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If you’ve been fretting about faltering math education and falling test scores here in the United States, you should be worried based on this campaign season of Republican math. When it comes to the American military, the leading Republican presidential candidates evidently only learned to add and multiply, never subtract or divide.
Advocates of Pentagon reform have criticized President Obama for his timid approach to reducing military spending. Despite current Pentagon budgets that have hovered at the highest levels since World War II and thirteen years of steady growth, the administration’s latest plans would only reduce spending at the Department of Defense by 1.6 percent in inflation-adjusted dollars over the next five years.
Still, compared to his main Republican opponents, Obama is a T. rex of budget slashers. After all, despite their stated commitment to reducing the deficit (while cutting taxes on the rich yet more), the Republican contenders are intent on raising Pentagon spending dramatically. Mitt Romney has staked out the “high ground” in the latest round of Republican math with a proposal to set Pentagon spending at 4 percent of the Gross Domestic Product (GDP). That would, in fact add up to an astonishing $8.3 trillion dollars over the next decade, one-third more than current, already bloated Pentagon plans.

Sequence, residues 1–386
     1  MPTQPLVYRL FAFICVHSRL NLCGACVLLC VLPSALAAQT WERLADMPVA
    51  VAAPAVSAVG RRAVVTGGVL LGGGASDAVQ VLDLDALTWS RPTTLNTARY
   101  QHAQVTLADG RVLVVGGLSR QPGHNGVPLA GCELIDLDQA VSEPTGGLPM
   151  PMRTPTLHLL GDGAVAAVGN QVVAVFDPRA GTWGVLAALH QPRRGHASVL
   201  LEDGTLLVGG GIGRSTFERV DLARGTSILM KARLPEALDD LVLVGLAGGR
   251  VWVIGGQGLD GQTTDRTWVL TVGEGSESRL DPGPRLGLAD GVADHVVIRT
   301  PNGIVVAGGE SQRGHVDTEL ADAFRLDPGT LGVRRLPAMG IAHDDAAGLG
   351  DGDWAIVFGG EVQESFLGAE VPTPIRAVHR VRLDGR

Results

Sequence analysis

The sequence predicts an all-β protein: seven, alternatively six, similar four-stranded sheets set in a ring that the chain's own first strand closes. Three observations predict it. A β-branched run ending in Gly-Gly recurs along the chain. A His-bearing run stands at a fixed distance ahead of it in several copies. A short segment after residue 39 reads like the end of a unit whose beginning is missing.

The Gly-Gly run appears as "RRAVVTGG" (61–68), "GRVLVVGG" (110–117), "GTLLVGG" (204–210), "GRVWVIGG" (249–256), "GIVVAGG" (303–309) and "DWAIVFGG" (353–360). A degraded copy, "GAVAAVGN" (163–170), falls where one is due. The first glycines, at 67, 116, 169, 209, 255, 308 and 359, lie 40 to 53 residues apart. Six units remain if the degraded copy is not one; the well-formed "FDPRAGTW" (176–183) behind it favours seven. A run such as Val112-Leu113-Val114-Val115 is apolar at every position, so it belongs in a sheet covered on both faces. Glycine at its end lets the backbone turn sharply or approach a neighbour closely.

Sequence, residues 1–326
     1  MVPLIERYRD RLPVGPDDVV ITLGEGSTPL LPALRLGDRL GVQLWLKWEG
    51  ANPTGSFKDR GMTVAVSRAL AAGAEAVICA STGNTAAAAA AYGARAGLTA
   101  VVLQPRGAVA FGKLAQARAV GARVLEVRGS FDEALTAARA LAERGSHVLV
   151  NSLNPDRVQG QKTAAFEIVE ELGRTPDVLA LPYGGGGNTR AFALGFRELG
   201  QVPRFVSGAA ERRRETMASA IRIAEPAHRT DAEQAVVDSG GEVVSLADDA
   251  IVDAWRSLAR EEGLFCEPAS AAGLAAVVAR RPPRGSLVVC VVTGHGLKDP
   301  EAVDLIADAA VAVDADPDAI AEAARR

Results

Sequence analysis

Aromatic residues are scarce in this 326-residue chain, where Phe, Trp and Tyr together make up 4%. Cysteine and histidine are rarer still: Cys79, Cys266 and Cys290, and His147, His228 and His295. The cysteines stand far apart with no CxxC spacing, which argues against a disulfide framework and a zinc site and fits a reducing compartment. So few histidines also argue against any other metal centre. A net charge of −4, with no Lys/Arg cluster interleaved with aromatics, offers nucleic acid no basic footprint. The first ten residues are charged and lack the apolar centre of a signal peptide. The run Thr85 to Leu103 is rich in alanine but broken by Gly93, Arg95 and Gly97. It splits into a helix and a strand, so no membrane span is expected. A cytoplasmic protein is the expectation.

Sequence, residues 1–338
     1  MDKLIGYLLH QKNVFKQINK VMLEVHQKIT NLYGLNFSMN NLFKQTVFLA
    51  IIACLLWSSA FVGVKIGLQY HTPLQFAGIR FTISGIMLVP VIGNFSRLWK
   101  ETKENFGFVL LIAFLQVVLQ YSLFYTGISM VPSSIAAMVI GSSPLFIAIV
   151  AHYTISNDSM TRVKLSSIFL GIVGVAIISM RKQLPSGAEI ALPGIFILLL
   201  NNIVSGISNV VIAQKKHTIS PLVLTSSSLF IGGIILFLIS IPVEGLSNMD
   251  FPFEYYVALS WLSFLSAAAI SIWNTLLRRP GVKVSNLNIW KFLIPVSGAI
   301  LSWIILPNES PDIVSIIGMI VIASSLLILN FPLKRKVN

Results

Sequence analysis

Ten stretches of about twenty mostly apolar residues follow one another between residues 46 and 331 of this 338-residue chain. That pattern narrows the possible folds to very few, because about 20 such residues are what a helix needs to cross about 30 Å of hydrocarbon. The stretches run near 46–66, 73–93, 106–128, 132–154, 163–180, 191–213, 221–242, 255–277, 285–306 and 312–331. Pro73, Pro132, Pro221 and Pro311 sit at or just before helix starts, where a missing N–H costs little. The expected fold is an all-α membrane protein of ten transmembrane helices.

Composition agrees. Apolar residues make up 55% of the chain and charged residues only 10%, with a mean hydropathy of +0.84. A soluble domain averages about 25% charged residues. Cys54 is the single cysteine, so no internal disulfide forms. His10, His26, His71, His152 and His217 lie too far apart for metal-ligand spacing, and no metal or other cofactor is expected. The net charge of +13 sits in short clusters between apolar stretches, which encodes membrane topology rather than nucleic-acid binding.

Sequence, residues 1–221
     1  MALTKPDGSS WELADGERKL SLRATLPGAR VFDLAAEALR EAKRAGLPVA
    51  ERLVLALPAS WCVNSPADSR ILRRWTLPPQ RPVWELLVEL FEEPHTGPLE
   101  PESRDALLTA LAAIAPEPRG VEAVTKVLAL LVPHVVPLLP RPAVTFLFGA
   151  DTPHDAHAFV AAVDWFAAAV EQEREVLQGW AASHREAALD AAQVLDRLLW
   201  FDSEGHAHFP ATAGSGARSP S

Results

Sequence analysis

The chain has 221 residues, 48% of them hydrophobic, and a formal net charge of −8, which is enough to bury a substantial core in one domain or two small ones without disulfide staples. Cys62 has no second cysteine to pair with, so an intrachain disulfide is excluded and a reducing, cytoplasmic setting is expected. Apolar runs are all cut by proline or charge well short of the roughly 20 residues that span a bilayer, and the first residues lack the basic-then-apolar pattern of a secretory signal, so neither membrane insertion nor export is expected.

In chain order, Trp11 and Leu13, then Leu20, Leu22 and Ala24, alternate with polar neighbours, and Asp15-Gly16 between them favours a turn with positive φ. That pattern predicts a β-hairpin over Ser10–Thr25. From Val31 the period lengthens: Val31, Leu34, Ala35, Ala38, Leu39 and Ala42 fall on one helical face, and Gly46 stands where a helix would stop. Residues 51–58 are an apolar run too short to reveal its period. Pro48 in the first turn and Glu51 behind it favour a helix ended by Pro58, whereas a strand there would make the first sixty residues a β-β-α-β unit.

Nathan Hodge of the Wall Street Journal engaged in polite understatement when he described the Romney plan as “the most optimistic forecast US defense manufacturers have heard in months.”
In fact, Romney’s proposal implies that the Pentagon is essentially an entitlement program that should receive a set share of our total economic resources regardless of what’s happening here at home or elsewhere on the planet. In Romney World, the Pentagon’s only role would be to engorge itself. If the GDP were to drop, it’s unlikely that, as president, he would reduce Pentagon spending accordingly.
Rick Santorum has spent far less time describing his military spending plans, but a remark at a Republican presidential debate in Arizona suggests that he is at least on the same page with Romney. In 1958, the year he was born, Santorum pointed out, Pentagon spending was 60 percent of the federal budget, and now it’s “only” 17 percent. In other words, why cut military spending when it’s so comparatively low?
Of course, this is a classic bait-and-switch case of cherry-picking numbers, since the federal budget of 1958 didn’t include Medicare, Medicaid, the Environmental Protection Agency, or the Occupational Safety and Health Administration. The population was 100 million less than it is now, resulting in lower spending across the board, most notably for Social Security. In fact, Americans now pay out nearly twice as much for military purposes as in 1958, a sum well in excess of the combined military budgets of the next ten largest spending nations.